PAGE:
Two hours on foot is all you need to get a lesson on nearly 1,000 years of Delhi’s magnificent history. The walk will leave you fascinated and somewhat disillusioned.
Fascinated at the more than 65 small and large heritage monuments, structures and ruins that stand on the 100-acre Mehrauli Archaeological Park, southeast of the World Heritage Site of Qutub Minar.
Disillusioned at the state of maintenance of some parts of the park. Apart from the irreversible ravages of time, the site has suffered considerable damage due to the multiplicity of agencies looking after the monuments at the one-of-its-kind site in the Capital.
While parts of the park are beautifully landscaped, some pockets are eye sores. The boundary wall is broken at several places. The Mehrauli villagers use the park as a thoroughfare to reach Anuvrat Marg. There is a drain on the southern side, and several open sewers/manholes dot the landscape.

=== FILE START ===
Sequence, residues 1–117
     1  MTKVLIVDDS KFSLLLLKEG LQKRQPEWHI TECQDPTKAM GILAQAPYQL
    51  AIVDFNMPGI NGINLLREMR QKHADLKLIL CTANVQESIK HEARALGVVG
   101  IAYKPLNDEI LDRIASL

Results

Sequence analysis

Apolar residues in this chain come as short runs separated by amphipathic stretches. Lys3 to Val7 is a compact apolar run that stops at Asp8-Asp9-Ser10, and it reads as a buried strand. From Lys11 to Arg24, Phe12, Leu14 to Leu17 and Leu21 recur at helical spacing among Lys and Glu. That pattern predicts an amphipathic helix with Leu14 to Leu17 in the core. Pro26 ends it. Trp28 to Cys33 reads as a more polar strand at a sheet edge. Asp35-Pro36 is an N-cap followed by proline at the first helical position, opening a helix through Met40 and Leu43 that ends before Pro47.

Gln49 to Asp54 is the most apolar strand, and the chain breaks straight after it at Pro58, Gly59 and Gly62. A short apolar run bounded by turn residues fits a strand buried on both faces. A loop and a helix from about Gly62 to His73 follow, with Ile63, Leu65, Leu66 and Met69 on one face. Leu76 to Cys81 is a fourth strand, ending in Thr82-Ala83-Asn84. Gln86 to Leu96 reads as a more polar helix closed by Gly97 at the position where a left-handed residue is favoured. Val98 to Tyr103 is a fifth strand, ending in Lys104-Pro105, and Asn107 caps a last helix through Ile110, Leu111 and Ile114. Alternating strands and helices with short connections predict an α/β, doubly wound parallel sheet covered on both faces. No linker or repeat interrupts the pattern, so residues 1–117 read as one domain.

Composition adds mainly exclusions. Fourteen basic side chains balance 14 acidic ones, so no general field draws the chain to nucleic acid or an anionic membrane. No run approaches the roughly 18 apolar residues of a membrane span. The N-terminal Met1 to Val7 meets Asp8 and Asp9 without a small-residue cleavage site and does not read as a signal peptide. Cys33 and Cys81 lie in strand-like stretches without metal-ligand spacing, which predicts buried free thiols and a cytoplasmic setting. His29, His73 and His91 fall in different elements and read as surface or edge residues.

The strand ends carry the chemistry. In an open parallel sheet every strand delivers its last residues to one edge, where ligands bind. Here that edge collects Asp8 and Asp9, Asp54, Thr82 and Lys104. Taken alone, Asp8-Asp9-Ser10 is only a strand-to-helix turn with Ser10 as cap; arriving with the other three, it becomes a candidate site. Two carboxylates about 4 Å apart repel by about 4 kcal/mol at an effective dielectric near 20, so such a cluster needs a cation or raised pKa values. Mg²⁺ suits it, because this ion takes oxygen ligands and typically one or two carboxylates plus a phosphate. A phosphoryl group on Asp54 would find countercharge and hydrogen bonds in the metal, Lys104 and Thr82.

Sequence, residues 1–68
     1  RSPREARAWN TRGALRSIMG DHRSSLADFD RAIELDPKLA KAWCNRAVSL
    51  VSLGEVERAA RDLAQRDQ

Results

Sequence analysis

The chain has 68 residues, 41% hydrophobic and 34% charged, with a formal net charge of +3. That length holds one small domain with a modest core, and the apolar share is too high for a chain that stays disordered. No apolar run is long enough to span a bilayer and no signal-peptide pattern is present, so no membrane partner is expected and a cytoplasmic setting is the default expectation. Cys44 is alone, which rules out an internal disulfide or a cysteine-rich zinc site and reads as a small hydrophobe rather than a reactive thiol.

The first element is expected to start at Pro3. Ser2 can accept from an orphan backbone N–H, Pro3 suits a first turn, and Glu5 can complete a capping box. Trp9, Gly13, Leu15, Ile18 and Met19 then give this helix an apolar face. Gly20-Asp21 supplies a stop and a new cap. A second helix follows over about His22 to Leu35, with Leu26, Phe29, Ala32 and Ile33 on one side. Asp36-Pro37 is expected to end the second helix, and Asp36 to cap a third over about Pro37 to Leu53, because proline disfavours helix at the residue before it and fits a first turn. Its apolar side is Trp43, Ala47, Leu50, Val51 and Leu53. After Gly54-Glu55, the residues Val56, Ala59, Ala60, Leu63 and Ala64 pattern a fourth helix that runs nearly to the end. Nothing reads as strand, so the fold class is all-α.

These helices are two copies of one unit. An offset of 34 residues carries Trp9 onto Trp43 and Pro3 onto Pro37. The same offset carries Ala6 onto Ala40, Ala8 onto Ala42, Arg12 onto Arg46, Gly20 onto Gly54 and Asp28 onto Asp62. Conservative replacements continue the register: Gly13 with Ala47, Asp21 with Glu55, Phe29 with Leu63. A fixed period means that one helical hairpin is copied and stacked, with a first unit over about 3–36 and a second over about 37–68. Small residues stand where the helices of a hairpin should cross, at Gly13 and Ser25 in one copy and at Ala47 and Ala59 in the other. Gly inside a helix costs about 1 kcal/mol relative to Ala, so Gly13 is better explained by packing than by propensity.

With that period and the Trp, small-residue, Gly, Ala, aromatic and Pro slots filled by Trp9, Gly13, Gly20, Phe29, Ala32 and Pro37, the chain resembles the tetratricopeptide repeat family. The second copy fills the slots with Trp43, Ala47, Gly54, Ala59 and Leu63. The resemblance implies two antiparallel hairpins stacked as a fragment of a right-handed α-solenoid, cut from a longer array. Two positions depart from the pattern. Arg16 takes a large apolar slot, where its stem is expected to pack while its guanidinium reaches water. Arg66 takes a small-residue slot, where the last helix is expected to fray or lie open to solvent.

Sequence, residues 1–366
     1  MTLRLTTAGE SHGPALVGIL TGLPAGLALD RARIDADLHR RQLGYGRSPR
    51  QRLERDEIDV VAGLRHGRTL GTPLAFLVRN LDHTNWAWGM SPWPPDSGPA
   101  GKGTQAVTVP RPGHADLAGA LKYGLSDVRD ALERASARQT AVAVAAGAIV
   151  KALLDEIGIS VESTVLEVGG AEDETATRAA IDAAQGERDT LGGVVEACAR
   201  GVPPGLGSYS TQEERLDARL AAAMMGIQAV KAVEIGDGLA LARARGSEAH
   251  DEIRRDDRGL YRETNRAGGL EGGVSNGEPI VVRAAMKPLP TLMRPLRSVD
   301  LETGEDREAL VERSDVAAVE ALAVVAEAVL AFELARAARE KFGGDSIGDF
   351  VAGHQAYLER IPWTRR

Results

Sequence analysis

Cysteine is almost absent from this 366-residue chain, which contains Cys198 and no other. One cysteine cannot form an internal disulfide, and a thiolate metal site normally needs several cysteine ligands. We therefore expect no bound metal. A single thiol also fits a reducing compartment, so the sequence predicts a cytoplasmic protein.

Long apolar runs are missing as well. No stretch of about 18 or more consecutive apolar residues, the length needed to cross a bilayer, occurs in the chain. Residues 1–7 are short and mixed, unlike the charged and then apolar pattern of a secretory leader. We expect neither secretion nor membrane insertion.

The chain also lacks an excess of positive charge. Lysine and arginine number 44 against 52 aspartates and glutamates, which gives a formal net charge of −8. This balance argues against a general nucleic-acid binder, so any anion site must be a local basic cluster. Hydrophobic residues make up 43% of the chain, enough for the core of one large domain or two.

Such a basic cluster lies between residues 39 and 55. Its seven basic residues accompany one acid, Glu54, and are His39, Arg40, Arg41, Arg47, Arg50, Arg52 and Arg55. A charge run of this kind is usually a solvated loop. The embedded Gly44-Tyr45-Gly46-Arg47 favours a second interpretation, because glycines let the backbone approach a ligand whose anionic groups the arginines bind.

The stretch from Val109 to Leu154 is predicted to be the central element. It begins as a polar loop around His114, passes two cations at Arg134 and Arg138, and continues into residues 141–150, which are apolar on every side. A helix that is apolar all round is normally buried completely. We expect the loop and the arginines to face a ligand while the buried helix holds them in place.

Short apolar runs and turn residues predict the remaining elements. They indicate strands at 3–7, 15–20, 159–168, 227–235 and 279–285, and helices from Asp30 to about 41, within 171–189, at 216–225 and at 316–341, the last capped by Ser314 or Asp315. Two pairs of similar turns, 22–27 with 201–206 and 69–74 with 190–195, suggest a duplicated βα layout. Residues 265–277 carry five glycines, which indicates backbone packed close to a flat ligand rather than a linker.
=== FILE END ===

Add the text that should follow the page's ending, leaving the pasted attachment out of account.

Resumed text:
But, things are slated to change.
Recently, the Delhi State Department of Archaeology issued a preliminary notification for more than a dozen monuments at the Park.
Further, at a meeting of the DDA’s Delhi Urban Heritage Foundation, it was decided that the park would be given to the Archaeological Survey of India (ASI) for “better administration and upkeep”.
While the land is DDA’s, the ASI takes care of some of the important monuments such as the Tomb and Mosque of Jamali Kamali and Rajaon Ki Baoli in the park.
The meeting, headed by the LG, was attended by DDA’s vice-chairperson, chief architect and other members of the Foundation apart from ASI officials.
But in typical DDA style, things are moving slowly.
“The modalities are being worked out,” DDA spokesperson Neemo Dhar said.
“The Lt Governor, unhappy with the way things were, decided that the Park be handed over to the ASI for better maintenance,” Prof A.G.K. Menon, convenor, Delhi chapter of conservation body Indian National Trust for Arts and Cultural Heritage (INTACH), said.
Since the area falls under the bugger zone of the World Heritage Monument, the ASI officials are happy. Now they are waiting for the actual transfer to happen.
But even before it is implemented apprehensions are being expressed about its implementation. “The main problem is its maintenance,” pointed out lawyer Usha Kumar, a pro-heritage monuments activist.
“Look what has happened to the conservation work by INTACH. If ASI can do it, well and good, but they need more money and man power,” she added.